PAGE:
KIOS joins campaign calling for the UN to open its doors to NGOs

Three men with name tags

Renowned Burundian human rights defender Pierre Claver taking part in a side event on Burundi during the UN Human Rights Council session together with Hassan Shire from Defend Defenders and Michel Forst, UN Special Rapporteur on the situation of human rights defenders. Picture by DefendDefenders.

All too often authoritarian states are denying human rights organisations entry to UN debates. KIOS has joined a global campaign that calls for states to take civil society participation seriously when they vote for new members to the UN body that controls NGO accreditations.

349 NGOs around the world have joined the #OpentheDoors2NGOs campaign, coordinated by the International Service for Human Rights (ISHR). The NGOs are calling the states to promote civil society participation at the UN. KIOS has joined the campaign in order to make the voice of human rights defenders heard better at the UN.

At the beginning of the year, Finland began its three-year term in the UN Human Rights Council. Finland is also among the 54 ECOSOC members to vote for 19 new members of the UN NGO Committee in April. The members of this committee are the gatekeepers who decide which NGOs are allowed to operate within the UN and participate in UN debates.

Some of the current members of the committee are working to block human rights organizations by stopping them from getting accredited. At the same time, they prevent the UN from gaining important expertise to help UN bodies promote and protect human rights.

Why is civil society participation at the UN important?

In an ideal world, NGOs would be allowed to participate at the UN and bring their own perspectives to the UN debates. For example, NGOs can submit shadow reports, where they set out their views on the human rights situation and government action in a particular country. NGOs may bring victims of human rights violations before the Human Rights Council or the committees monitoring the UN treaties. They may hold informal side events in to raise important human rights issues for discussion.

Human rights defenders can bring their diverse, alternative and expert views to the UN. They often have an understanding of local human rights issues and access to marginalized groups and victims of human rights abuses, whose voices would otherwise not be heard at the UN.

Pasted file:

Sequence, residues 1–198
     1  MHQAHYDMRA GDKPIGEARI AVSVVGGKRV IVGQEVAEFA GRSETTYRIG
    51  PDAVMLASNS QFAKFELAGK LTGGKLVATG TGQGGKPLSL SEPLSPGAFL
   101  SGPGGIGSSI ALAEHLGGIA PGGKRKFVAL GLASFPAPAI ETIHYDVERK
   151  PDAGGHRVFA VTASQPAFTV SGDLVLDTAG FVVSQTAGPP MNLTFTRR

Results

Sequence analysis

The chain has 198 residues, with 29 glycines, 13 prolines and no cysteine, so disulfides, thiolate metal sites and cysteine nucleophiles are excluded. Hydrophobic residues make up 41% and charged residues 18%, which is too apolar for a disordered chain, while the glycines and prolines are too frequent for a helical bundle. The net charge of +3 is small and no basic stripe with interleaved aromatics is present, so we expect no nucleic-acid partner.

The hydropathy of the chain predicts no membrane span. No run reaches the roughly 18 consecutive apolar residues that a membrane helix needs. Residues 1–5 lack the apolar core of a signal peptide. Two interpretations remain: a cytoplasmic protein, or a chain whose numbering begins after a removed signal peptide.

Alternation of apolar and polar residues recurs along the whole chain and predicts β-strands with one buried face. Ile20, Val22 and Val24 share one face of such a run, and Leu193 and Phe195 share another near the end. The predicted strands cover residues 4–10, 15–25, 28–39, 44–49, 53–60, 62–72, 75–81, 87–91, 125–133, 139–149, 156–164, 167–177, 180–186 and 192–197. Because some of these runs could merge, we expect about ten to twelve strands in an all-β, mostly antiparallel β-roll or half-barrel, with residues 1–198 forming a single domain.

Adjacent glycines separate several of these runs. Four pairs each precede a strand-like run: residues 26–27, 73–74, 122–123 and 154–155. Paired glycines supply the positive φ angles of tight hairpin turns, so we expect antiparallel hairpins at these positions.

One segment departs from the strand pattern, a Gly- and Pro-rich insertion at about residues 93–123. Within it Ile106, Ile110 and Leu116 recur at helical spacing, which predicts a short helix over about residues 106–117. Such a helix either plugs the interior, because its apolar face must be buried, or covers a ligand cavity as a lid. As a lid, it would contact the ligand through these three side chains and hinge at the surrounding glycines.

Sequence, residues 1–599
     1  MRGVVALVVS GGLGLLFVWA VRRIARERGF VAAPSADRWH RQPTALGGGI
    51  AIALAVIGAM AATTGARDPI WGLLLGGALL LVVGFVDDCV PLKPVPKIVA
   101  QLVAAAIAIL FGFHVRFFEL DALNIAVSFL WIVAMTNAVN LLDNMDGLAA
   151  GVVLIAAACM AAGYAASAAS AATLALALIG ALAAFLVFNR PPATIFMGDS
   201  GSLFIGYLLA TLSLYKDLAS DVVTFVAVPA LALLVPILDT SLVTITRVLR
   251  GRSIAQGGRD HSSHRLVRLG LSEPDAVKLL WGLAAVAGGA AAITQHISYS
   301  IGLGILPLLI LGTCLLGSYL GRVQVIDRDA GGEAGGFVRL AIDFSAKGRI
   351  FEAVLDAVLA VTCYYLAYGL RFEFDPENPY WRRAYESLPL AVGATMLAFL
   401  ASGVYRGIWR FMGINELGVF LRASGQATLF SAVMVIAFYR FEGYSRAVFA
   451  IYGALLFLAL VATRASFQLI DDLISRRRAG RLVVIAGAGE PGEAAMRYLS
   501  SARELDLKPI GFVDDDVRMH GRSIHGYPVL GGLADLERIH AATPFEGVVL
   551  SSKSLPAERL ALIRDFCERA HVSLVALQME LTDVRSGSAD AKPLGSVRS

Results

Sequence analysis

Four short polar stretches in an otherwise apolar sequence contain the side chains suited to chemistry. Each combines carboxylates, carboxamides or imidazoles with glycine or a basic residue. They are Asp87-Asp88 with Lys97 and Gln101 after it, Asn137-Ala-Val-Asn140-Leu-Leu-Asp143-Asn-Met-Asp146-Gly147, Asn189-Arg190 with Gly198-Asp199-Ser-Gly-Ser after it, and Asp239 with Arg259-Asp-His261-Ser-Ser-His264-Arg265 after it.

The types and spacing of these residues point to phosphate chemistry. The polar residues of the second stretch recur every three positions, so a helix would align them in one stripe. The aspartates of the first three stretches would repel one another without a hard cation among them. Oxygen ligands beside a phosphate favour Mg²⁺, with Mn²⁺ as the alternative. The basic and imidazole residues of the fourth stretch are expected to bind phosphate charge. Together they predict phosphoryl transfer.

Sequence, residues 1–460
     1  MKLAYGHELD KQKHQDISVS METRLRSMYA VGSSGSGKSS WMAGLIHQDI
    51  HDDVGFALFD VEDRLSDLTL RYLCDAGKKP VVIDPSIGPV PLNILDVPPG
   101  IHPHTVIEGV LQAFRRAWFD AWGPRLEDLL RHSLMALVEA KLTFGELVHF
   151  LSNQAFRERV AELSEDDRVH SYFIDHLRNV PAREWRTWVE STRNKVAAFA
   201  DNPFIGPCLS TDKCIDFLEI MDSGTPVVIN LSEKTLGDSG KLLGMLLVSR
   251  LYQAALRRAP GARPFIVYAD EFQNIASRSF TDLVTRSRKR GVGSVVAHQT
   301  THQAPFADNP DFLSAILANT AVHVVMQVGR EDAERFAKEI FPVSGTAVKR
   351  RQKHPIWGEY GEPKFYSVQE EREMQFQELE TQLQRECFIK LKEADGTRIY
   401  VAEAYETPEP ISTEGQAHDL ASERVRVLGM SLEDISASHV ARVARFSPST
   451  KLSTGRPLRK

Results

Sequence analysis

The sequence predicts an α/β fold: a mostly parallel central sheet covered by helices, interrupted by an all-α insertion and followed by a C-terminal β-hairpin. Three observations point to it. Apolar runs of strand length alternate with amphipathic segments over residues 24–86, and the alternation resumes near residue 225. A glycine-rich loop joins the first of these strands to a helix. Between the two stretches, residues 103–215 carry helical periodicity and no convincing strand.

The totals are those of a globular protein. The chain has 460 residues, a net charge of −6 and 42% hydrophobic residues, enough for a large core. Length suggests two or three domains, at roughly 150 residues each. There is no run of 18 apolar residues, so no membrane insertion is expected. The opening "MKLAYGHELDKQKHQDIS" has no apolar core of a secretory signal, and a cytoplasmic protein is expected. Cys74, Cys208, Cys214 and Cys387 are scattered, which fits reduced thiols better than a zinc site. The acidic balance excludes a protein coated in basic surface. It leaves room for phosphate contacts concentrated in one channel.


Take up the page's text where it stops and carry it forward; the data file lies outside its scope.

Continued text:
NGOs have also played an important role in the creation of many international human rights treaties. For example, the Convention on the Rights of Persons with Disabilities was adopted at the UN in 2006 as a result of long-standing advocacy work by disability organizations.

Harassment of human rights organisations

Yet many NGOs are denied access to UN debates, especially those who do critical human rights work. NGOs wishing to make statements or hold side events in connection with meetings of the UN Human Rights Council must apply for accreditation.

This is not easy, as the accreditation of NGOs is overseen by the Committee on NGOs, which is made up of UN member states and has many states that do not like critical votes. As members of the committee, they can block NGOs, for example by asking additional questions, thus prolonging the accreditation process for years.

Currently, 41 organisations have waited for their accreditation for more than four years. Two human rights organisations have faced over ten years of deferrals.

“Open the Doors to the NGOs”

The groups of NGOs wants a Committee on NGOs that actively support civil society participation at the UN. For that to happen, the campaign has three main calls on UN members:

  • States with a positive record on promoting civil society to stand as candidates.
  • Elections to be competitive
  • States to vote with integrity

Read more about the campaign and watch a video where IFEX, one of the over 40 organisations denied access to the UN, talks about the value of civil society participation at the UN.



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